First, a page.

My fundamental belief as a Latter-day Saint is that we are continuously in process of either blossoming or withering, that our potential is infinite and our mortality only one phase of our eternal learning. I have often said that mortality is pre-school, in which we learn (or refuse to learn) the basic principles of the gospel—faith, repentance, forgiveness, charity. I believe that most religions espouse these virtues, and that eventually all will become one, with Christ at the head. In… Read more

The year I gave birth to my first child, my parents were in Mainland China.  I wrote about their experience here. I spent my fiftieth birthday (2005)  in Beijing and talked about various “long marches” in global history to my parents’ students.  I remember one student in particular–Sharon.  Dad told me that Sharon had converted to Christianity and was planning on doing some revolutionary things.  She was going to visit university campuses and read the New Testament aloud, positioning herself… Read more

It is January 3, 2016, and I am feeling nostalgic.  My mother died for fifteen minutes in October when her heart arrested as she was being wheeled in to the OR to have a pacemaker placed.  My father continues in his relentless but merciful decline–which has included several reprieves.  They are asleep, and I am doing the nighttime parent care–a measure we have taken to be sure they are safe.  (Indeed, I have had to call 911 twice.  Each has… Read more

  In this third gratitude essay, I focus on my dad. I have written many essays about him and his influence in my life, which you can find by simply googling his name—Robert Wallace Blair.  Or look here. I am grateful that Dad’s heart was always good, that his fidelity was constant. He has expressed regret that he wasn’t fully present for us kids as we were growing up, though I remember him as very much a presence. Perhaps as… Read more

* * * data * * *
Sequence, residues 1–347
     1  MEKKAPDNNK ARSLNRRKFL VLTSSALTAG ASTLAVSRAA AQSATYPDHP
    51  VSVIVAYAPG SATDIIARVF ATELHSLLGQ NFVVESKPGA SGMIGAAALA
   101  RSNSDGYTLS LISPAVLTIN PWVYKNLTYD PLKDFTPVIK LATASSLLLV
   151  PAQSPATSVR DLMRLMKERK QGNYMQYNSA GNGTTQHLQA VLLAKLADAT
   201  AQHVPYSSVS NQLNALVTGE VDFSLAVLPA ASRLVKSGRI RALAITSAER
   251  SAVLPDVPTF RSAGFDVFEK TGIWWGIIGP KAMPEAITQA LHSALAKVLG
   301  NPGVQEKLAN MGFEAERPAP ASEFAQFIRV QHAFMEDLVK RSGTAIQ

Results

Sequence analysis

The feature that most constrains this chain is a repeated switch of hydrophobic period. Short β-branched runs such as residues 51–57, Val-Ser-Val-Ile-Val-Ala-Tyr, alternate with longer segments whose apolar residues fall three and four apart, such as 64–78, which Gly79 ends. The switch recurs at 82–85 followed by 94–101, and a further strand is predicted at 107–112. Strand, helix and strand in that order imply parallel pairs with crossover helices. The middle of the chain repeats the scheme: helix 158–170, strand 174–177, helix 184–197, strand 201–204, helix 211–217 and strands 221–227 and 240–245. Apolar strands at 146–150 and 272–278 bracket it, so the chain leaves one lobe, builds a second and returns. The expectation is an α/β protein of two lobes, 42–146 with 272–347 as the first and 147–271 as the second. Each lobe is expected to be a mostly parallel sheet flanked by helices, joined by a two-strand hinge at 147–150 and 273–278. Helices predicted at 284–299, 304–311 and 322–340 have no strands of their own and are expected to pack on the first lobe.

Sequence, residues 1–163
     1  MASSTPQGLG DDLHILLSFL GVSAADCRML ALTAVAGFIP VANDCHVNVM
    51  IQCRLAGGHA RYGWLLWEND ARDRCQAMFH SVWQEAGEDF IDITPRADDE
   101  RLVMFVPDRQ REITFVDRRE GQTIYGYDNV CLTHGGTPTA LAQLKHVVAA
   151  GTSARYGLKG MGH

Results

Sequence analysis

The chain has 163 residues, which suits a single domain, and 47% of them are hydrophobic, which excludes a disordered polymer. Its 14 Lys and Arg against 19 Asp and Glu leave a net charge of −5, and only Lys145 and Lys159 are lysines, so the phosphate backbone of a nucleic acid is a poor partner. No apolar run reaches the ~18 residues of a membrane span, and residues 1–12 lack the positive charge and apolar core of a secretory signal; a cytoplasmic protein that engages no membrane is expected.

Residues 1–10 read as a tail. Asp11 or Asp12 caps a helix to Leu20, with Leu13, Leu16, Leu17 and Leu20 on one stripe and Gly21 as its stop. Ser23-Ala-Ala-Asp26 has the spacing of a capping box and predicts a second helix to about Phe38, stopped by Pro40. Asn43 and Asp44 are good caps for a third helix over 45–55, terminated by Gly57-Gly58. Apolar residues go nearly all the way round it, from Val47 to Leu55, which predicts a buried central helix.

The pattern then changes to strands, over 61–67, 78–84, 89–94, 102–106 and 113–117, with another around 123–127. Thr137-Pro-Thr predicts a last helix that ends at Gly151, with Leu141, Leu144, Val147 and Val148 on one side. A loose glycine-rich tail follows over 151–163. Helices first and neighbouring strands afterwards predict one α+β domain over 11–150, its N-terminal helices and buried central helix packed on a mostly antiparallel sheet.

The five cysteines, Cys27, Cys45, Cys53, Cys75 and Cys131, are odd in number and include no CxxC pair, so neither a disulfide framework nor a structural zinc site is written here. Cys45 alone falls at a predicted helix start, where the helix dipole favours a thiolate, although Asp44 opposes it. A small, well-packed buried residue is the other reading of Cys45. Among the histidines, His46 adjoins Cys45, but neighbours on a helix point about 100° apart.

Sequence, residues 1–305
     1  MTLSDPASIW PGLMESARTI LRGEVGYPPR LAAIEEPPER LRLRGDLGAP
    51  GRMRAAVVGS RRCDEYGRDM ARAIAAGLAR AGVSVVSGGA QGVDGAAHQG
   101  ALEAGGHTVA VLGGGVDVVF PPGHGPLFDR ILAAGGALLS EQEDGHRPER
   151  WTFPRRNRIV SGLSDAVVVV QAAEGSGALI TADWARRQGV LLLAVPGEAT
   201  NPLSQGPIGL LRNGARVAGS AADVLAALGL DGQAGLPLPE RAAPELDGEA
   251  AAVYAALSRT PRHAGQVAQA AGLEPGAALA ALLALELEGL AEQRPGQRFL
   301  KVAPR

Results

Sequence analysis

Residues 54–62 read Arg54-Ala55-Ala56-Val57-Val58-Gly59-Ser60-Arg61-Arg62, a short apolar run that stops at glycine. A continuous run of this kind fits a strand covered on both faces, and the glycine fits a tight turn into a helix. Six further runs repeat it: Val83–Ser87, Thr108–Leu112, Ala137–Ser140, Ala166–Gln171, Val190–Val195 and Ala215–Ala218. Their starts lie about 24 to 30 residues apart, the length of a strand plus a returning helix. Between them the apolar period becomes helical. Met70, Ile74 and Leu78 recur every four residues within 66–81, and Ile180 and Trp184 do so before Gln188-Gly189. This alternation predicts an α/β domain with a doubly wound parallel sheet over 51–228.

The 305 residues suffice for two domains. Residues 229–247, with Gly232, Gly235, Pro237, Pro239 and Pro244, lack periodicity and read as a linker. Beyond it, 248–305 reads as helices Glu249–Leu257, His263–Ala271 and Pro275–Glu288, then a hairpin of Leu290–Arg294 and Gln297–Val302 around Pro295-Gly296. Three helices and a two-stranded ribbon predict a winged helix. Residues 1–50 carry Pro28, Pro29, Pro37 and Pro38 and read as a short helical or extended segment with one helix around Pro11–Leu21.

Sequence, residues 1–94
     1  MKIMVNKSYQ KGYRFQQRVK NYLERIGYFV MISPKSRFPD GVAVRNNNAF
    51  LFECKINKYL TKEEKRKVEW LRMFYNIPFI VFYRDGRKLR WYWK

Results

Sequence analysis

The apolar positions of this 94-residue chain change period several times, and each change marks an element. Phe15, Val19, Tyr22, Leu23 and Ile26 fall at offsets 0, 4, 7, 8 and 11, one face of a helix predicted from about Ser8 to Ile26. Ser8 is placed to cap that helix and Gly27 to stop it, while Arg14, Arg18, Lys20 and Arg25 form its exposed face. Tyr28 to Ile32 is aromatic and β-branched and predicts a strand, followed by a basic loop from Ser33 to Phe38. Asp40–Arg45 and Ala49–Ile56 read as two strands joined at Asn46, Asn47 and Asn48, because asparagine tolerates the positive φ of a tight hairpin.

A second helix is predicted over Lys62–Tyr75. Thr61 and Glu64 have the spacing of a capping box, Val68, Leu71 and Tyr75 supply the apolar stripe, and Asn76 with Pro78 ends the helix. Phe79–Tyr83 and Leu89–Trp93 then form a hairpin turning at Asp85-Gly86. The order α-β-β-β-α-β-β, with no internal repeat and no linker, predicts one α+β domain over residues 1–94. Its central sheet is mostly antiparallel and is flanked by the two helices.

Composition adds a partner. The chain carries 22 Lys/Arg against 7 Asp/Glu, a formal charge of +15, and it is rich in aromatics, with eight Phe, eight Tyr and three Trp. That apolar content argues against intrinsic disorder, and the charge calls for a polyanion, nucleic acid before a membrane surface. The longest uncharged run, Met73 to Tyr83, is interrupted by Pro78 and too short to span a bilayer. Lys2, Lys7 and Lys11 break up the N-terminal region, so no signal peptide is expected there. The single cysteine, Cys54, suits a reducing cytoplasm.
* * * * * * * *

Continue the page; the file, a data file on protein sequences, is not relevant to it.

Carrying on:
This is a guest post by my nephew, Josh Sabey, about a fascinating project for Biblical studies. This project attempts to increase interfaith interaction and cohesion by creating a crowdsourced study Bible. The website works like this: Users may post their own interpretations, as well as videos, music, books, or other resources relevant to a particular passage of scripture. Results may then be filtered by religion, author, medium, and so on. By crowdsourcing Biblical commentary, everyword seeks to bring people… Read more

Editors’ Note: This article is part of the Patheos Public Square on the Future of Faith in America: Mormonism. Read other perspectives here. Despite claims that the sky is falling and multiple reproductions of trumpeting Moroni are toppling from various spires, the future of Mormonism is bright. We are on a bridge. The past five years include the LDS Church’s huge step into transparency.  The hard historical issues visited by official essays were shocking to some, validating to others, and ignored by most. … Read more

  This blog will be periodically edited.  It will contain my reflections on my father’s final days on earth. Read more

The Waiting Rooms in the Great Beyond   Peter may indeed wait at the Pearly Gates, but there is another gate for people who die harboring hurt feelings.  The greeter is female and wears diaphanous white robes with a crown of light which you might mistake for a Santa Lucia wreath, until you realize that there are no actual candles, just the light—haloing her head, each light a sun.  You have to squint to see her face.  It is surprising… Read more

It is a triumphant song.  I have loved it since I was a child.  I even composed my own, majestic arrangement of it during my teen yers.  it’s the sort of song you could imagine being sung at a coronation. It has many more meanings to me now than it had when I created my own version of it all those years ago. He is risen: My brother, Bobby. On Dad’s birthday in 1982, my brother (his son) was pinned… Read more

The best role for a female Shakespearean actor is Hermione in The Winter’s Tale.  Hermione, though absent for much of the play, dominates it with her nobility and grace.  Unlike Rosalind or Portia or others of Shakespeare’s strong women, Hermione never puts on a man’s clothes to show her power.  She is already empowered.  She states it herself when she is brought to trial for adultery, of which she is innocent. Since what I am to say must be but… Read more

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